Isha Shah is a Data Scientist at DrivenData and a second-year Master’s in Computer Science student at Columbia University. From December 2019 to December 2021, she was the project coordinator for the Columbia University’s Data Science Institute’s collaboration with the Rights CoLab. Previously she worked as a research analyst at the Brookings Institution’s Metropolitan Policy Program and Workforce of the Future initiative, where she applied econometrics and data science to policy research questions.
Rights CoLab: Back in 2019 when you applied for the Data for Good Scholars program, you prioritized our project, the Cost of Human Rights Violations, among many options. What interested you about it?
Isha: I worked as a research analyst in the Metropolitan Policy Program of the Brookings Institution for about three years before entering Columbia’s School of International and Public Affairs in Fall 2019, which is when the Cost of Human Rights Violations project was launching. As a public policy student, I missed working with data and knew that I would eventually want to return to a role that would be computation-focused, and the Data for Good program offered several opportunities to keep exercising and developing those skills. Of these, the Cost of Human Rights Violations program was by far the most exciting to me – I knew Joanne and Paul were domain experts in an area I had always been interested in, human rights and corporate accountability, and as a new project, it offered much more opportunity for thinking deeply about the domain and from there decide on the research methods and direction.
Rights CoLab: Did the project meet your expectations? Were there any surprises?
Isha: The project’s expansiveness and the number of stakeholders involved were suggested in the project description when I first applied, but I was surprised by seeing the open-mindedness, curiosity, and engagement from not only our project team, but the SASB team and the experts we consulted along the way. When joining the project, I did not expect to have such a close working relationship with Joanne or Paul, or to have the freedom to kick ideas around with fellow students and our stats advisors. I was also surprised by the number of viewpoints and people that were represented at our Expert Group meetings, and the variety of the other human rights, data science, and/or corporate accountability experts that we were able to have conversations with as we decided on our project direction.
Rights CoLab: How did the project evolve?
Isha: The project evolved from a greenfield exploration (i.e., “what methods can we use to show the financial impact of and investor interest in labor-related human rights practices?”) to a well-defined problem with specific methods and data sources (i.e., “what is the odds ratio for financially-material labor-related practices in industry X vs. industry Y?”). The project also evolved through our collective learning – we’ve had two project owners, two project coordinators, two research advisors, and over 20 students involved in this project over the past two and half years. I think every one of us has come away with a deeper understanding of how to think about the link between various investor-oriented data sources and labor rights.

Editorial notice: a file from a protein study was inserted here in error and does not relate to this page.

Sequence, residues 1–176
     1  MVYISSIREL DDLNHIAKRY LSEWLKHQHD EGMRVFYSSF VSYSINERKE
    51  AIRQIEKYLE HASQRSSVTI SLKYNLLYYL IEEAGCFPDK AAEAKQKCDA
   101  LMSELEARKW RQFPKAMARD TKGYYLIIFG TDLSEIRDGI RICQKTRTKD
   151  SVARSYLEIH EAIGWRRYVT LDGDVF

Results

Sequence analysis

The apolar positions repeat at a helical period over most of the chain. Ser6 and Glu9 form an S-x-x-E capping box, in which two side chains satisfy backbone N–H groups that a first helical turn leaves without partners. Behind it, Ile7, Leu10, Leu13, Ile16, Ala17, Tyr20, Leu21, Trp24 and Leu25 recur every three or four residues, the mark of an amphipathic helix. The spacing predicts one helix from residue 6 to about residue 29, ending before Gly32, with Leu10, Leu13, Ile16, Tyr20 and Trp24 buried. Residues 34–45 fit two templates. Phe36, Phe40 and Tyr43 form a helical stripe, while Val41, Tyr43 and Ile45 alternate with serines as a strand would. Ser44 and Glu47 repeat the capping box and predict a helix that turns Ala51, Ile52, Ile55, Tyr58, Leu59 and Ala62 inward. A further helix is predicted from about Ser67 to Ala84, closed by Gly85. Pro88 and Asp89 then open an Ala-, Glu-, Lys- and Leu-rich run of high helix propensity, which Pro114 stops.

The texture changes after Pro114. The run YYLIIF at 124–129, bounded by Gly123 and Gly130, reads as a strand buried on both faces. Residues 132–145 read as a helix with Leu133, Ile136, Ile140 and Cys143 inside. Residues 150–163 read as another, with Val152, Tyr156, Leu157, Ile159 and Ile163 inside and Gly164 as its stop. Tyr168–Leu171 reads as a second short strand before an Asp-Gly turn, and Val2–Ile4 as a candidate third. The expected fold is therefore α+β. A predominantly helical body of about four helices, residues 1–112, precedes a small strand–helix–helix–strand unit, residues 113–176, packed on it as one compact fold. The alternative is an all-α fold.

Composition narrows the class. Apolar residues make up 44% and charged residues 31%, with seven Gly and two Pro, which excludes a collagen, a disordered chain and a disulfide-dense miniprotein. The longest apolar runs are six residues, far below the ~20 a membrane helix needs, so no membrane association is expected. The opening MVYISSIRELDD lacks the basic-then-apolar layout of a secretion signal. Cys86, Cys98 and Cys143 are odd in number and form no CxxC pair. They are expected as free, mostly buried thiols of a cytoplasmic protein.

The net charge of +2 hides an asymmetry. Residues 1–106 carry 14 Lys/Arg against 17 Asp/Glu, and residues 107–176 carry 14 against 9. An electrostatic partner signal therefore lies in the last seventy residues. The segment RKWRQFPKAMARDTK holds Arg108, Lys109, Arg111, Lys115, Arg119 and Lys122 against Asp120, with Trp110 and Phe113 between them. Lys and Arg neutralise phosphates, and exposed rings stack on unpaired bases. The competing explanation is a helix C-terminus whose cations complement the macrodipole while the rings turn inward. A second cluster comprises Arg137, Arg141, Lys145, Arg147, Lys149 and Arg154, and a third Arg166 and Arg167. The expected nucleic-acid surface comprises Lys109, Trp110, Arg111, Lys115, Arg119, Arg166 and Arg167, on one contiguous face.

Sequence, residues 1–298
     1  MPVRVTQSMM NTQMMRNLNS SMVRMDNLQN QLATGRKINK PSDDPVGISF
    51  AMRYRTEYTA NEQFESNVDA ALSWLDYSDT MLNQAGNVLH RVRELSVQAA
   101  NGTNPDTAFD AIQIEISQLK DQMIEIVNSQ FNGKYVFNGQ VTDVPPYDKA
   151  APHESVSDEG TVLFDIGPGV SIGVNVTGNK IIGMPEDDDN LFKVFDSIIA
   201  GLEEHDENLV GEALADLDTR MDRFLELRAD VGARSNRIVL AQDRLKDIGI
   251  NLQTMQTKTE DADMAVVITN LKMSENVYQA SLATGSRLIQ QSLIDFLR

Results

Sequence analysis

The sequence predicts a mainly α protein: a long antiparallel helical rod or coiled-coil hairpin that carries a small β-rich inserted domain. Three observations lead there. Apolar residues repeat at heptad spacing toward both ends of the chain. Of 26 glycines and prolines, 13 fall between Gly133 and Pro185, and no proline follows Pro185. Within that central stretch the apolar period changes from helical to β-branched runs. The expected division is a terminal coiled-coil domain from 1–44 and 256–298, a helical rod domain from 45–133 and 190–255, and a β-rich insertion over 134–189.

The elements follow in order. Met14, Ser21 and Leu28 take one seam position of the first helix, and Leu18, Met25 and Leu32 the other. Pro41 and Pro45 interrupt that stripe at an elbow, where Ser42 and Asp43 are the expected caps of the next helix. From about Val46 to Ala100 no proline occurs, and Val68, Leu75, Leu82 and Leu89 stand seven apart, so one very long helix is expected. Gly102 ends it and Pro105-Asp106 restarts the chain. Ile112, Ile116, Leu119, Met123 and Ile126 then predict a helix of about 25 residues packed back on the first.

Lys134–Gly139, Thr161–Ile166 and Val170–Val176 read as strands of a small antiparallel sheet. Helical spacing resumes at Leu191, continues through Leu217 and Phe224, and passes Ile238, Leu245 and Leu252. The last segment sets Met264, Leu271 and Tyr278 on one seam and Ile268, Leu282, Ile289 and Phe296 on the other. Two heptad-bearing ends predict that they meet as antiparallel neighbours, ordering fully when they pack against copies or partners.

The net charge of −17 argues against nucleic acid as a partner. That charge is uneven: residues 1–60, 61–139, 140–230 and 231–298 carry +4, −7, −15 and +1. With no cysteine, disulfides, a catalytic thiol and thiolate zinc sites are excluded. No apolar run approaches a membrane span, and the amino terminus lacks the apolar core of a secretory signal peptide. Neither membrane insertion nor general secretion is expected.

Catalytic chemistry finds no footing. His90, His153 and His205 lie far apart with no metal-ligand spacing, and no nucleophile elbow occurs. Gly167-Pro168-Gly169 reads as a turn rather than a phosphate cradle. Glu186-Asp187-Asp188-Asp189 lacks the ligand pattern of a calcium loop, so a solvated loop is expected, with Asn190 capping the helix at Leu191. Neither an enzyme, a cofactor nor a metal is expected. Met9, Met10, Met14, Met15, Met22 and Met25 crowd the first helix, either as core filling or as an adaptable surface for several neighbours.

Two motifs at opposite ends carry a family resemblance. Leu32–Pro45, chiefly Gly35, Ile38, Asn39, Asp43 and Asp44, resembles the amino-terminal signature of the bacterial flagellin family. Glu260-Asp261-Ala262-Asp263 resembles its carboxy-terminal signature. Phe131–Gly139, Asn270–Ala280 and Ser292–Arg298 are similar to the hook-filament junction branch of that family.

Rights CoLab: What were the most challenging aspects?
Isha: The most challenging and rewarding part of the project was defining the methods and data sources we would use to show links and the relative strengths of relationships between financial impact/investor interest and labor practices in different industries. We’ve cycled through many approaches (unsupervised learning, supervised learning, and rule-based heuristics), and each brought us some level of insight. But it was (and continues to be) the crux of applied data science as a field (beyond even this project) to find the right methods, combined with the right data sources, responsibly analyzed to try to find insights that are truly actionable and relevant.
Rights CoLab: In your current job are you using any of the skills and experiences you gained from this project?
Isha: I am a Data Scientist at DrivenData, a social enterprise that runs data science competitions and works with clients on projects that promote social good. The skills and experiences I’ve gained from the Cost of Human Rights Violations project have been invaluable! I think the project scoping skills and the ability to communicate to a variety of audiences helped prepare me for a career that requires both practicing and interpreting data science work. In a more general sense, it was heartening to see how the team was able to translate the open-endedness of the Cost of Human Rights Violations at its start to specific, cogent, audience-targeted findings. Most data science projects that start from a more research-oriented place like this one take a while to settle on data sources and methods and to produce results. It can be helpful to remember during the high-ambiguity research phase that tangible outcomes are on the horizon.
On April 5, Isha and Raiha Khan presented on the Rights CoLab project at Truvalue Labs’ Academic Roundtable on ESG research under the title, “Using Data Science to Surface Evidence for Better Integrating Human Rights into SASB Human Capital Standards.” Click here to access the recordings and slides.
About the photo: Isha tells us that, “Here I am with a friend on an impromptu hike at the Delaware Water Gap. During the pandemic, I discovered going on hikes as a way to stay connected with friends, and I’m looking forward to spending a lot more time outdoors over the summer.”